This week, Ray, Augusto, Francis and Art start a conversation about tags. Classifying information in our productive lives comes in many different ways. We discuss what tagging is, how tags are different from other types of organizing, and how to jumpstart your use of tags.
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In this Cast | Productivity Taxonomy, Part 1
Show Notes | Productivity Taxonomy, Part 2
Resources we mention, including links to them, will be provided here. Please listen to the episode for context.
Episode 124, Personal Knowledge Management With Zettelkasten
Episode 035, What Is the Bullet Journal? How Does It Work?
Episode 073, Tailoring the Bullet Journal Method
Episode 123, Productivity Labs, Methods Edition—Bullet Journal
Raw Text Transcript
Raw, unedited and machine-produced text transcript so there may be substantial errors, but you can search for specific points in the episode to jump to, or to reference back to at a later date and time, by keywords or key phrases. The time coding is mm:ss (e.g., 0:04 starts at 4 seconds into the cast’s audio).Read More
Voiceover Artist 0:00
Are you ready to manage your work and personal world better to live a fulfilling productive life, then you’ve come to the right place productivity cast, the weekly show about all things productivity. Here, your host Ray Sidney-Smith and Augusto Pinaud with Francis Wade and Art Gelwicks.
Raymond Sidney-Smith 0:17
And Welcome back, everybody to productivity cast, the weekly show about all things personal productivity, I’m Ray Sidney Smith.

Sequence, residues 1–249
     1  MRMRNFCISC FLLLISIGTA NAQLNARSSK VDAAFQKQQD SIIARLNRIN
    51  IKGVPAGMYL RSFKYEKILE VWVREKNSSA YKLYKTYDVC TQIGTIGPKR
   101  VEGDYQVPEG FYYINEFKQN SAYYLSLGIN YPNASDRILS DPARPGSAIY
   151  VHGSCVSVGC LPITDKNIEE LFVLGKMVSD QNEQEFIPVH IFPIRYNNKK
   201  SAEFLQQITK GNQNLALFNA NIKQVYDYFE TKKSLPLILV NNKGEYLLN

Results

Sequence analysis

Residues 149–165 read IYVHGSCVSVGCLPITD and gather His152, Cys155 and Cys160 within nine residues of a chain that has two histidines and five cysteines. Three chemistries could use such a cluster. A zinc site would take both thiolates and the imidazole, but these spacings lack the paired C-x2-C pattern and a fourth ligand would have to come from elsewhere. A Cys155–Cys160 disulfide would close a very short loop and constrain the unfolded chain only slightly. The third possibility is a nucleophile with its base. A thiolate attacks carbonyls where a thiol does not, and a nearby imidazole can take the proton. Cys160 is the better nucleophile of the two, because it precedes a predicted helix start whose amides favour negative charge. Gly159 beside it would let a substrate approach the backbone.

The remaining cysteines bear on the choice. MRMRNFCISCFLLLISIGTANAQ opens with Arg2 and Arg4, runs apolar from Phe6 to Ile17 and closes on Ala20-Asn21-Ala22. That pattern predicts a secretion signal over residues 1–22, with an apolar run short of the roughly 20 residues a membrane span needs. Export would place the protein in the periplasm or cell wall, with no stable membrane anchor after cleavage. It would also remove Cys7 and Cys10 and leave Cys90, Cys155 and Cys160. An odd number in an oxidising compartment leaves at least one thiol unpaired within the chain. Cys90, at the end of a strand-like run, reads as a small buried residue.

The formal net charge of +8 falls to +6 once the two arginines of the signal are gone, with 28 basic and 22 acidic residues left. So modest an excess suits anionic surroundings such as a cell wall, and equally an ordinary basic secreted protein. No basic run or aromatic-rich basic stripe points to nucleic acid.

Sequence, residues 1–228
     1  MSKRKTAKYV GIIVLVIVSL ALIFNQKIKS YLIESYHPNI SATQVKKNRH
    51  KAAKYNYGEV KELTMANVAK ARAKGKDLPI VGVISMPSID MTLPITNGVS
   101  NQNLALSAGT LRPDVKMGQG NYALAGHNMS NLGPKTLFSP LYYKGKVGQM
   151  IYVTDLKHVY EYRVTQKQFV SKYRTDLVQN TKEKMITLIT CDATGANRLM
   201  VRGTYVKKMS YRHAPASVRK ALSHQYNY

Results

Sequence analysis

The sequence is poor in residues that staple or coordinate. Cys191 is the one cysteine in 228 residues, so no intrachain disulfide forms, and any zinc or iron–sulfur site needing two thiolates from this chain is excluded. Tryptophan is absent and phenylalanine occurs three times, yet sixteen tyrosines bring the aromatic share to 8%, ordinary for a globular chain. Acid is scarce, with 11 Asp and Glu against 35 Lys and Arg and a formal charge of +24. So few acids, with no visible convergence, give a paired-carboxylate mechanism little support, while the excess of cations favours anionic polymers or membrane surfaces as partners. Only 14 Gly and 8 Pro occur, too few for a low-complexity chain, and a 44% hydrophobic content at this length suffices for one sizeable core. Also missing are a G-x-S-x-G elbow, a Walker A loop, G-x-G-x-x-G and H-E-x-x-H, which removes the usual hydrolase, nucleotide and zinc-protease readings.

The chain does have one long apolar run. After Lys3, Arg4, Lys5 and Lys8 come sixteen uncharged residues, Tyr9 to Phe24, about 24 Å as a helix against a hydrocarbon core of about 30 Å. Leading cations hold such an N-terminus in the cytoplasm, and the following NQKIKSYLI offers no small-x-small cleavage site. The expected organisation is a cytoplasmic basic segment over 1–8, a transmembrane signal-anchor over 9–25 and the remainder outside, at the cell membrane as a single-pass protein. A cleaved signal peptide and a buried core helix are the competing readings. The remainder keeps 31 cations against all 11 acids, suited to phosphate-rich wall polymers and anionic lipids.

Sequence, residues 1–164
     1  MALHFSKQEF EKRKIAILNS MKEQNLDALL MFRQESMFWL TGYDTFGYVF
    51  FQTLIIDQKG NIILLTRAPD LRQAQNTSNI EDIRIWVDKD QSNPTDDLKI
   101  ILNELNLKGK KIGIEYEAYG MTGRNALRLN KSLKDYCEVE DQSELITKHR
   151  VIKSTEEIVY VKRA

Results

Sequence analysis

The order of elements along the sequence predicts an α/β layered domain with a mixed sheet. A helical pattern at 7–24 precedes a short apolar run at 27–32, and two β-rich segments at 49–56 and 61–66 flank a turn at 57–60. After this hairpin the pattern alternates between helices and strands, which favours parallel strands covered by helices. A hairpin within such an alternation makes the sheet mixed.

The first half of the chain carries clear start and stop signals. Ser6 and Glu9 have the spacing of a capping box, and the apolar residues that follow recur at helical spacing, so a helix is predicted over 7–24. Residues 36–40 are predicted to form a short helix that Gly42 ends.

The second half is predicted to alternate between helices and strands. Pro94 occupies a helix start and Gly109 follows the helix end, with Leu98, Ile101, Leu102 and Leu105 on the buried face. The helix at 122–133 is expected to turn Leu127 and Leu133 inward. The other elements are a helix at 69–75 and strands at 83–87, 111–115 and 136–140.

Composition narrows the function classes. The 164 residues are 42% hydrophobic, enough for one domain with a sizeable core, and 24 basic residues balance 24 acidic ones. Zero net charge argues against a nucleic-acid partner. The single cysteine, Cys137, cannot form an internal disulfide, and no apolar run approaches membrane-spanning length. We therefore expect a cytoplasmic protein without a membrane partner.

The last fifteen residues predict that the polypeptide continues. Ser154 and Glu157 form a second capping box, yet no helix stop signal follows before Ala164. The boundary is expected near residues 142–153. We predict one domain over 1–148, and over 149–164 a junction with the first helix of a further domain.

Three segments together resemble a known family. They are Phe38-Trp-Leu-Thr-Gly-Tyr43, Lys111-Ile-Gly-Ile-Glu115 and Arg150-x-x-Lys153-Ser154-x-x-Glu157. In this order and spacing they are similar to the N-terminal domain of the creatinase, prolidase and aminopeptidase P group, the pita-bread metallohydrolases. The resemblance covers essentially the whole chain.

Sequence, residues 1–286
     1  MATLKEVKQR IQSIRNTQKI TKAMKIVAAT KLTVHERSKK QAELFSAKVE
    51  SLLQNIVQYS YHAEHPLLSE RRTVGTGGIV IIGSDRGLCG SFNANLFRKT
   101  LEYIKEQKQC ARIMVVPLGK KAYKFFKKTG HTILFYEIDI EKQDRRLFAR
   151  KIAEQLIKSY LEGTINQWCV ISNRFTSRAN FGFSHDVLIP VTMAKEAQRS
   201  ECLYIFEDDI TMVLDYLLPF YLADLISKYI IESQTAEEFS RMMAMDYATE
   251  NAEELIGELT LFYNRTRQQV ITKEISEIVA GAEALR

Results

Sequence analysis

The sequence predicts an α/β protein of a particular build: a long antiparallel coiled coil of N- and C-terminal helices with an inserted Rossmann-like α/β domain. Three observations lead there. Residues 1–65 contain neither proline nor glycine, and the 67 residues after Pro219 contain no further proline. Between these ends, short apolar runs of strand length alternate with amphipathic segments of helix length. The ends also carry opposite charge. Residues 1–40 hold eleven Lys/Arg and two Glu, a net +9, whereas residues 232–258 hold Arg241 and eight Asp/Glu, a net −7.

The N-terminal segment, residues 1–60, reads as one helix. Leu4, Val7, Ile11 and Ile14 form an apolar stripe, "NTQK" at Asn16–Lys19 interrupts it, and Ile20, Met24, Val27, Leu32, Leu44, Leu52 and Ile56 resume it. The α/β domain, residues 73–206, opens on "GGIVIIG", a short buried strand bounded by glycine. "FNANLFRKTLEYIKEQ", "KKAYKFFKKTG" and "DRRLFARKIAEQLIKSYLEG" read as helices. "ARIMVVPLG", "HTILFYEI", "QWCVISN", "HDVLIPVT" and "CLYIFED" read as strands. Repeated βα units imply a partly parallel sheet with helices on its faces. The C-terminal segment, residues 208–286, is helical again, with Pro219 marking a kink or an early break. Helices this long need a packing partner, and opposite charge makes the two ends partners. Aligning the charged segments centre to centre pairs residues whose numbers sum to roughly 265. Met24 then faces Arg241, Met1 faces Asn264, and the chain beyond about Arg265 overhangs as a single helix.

Augusto Pinaud 0:24
I am Augusto Pinaud.
Francis Wade 0:25
I’m Francis Wade.
Art Gelwicks 0:26
And I’m Art Gelwicks.
Raymond Sidney-Smith 0:27
Welcome, gentlemen, and welcome to our listeners to this episode of ProductivityCast. Today, we’re going to be diving into a topic that is near and dear to my heart, but I think is also really important for people to recognize as a fundamental component of personal productivity systems that I think is often lost in the world of just organizing your systems for action. And that is tags, the concept of using taxonomy to be able to be more productive. And this was a topic actually brought up by art Gelwicks. And so I’m going to hand it over to you art we were
Art Gelwicks 0:59
talking about in one of the previous episodes, we’re talking about organizing notes, and specifically recalling content from notes. And that always raises the specter of tagging. So I thought it would be worthwhile. Having talked about this in the past, for us to dedicate some time to this actual topic in and of itself, separate from applications right now separate from systems and implementations. But really what tagging means, what it means within the context of our personal and professional systems, information management for ourselves. And also, as we start to really get into it, how this helps us improve our organization. beyond some of the alternatives, things like folder structures and that sort. There’s, you’ll hear classically that, you know, tagging is better than folders, use tagging, don’t use folders, use tagging, don’t use folders. And I don’t know if I necessarily agree with that in all cases. And I think that’s where we need to start to dig into this, because there are so many variants of tagging so many conceptual pieces, that I think it’s hard for people to really get their hands around as a starting place, but also to give it the extended life it needs for it to make a difference. I know a lot of people, including myself, have implemented different methods of tagging numerous times. Well, if you’re implementing it numerous times, it means that numerous times it’s not working right. So I wanted to see if you guys could help help me frame it up for the listeners as to what we think tagging is truly beyond just the Wikipedia definition. And also how we can start to help people out.